In the first week of March, they fired the entire project staff (which if you'll recall was all contractors anyway) and replaced us with other contractors from Accenture.  I was the last one let go, so that I could do knowledge transfer to the new team.  I never did hear if they delivered in January.  It was a breath-taking example of project failure, and the WTF's were almost uncountable.



  • @jetcitywoman said:

    top management promised the delivery date (end of January) to the customer before the requirements were even analyzed/documented

    @jetcitywoman said:

    Even the documentation had to be in a very precise format, reviewed and approved before anybody could cut code. 

    So... the documented requirements were optional, but if they did exist then they must adhere to this precise approved format?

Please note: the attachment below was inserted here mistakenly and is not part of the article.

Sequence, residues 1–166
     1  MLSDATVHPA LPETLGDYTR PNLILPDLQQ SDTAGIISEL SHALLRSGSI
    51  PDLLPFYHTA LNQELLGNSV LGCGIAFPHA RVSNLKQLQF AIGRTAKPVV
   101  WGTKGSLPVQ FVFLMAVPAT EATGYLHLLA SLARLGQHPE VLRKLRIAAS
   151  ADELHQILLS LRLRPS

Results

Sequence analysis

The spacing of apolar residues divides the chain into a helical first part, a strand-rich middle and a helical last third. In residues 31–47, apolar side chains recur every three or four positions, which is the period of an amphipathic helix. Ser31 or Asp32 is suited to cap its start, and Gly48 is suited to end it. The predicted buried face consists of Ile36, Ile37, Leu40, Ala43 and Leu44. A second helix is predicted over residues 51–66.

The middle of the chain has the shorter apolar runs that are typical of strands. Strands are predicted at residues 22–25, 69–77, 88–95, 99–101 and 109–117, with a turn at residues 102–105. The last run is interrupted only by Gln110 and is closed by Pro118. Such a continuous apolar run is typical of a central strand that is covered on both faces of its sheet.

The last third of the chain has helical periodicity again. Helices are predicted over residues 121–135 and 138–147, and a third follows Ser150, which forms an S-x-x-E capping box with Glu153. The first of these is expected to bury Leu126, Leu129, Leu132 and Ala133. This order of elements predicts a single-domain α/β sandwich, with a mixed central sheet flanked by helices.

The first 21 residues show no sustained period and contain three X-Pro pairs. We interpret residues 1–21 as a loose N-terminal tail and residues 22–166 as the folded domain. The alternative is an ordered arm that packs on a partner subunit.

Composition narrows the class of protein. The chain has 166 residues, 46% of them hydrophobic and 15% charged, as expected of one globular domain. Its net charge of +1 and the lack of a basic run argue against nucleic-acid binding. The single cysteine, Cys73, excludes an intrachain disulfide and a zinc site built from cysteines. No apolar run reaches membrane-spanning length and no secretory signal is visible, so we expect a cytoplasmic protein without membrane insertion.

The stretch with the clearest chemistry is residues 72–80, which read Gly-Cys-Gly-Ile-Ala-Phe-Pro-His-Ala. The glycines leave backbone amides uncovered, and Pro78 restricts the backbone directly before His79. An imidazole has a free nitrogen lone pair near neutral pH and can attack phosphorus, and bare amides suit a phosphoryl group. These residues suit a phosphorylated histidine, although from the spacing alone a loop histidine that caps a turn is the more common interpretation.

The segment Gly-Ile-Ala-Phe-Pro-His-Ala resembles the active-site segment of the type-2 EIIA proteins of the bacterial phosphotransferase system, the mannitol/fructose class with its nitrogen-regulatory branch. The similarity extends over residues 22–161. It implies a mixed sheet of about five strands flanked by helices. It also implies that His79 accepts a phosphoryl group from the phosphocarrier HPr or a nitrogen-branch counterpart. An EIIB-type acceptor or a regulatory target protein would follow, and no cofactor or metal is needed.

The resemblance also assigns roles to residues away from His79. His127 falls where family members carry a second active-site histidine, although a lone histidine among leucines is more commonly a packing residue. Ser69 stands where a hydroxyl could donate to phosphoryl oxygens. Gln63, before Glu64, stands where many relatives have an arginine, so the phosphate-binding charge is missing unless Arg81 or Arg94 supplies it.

That computes.

    @jetcitywoman said:

    one group was "we MUST pass the quality gates and use the software development methodology, NO MATTER WHAT" and the other group was "we MUST deliver this in January, no matter what".  

    Did either group actually meet in the same room at any point in time? It sounds like the age-old problem of having two different (isolated) bosses with different requirements that pull in different directions. Apparently it occurs frequently in mom-and-pop shops.



  •  No, documented requirements were mandatory, it's just that the executives felt they knew what they were and how long it "should" take to implement them.  The typical C-level hubris.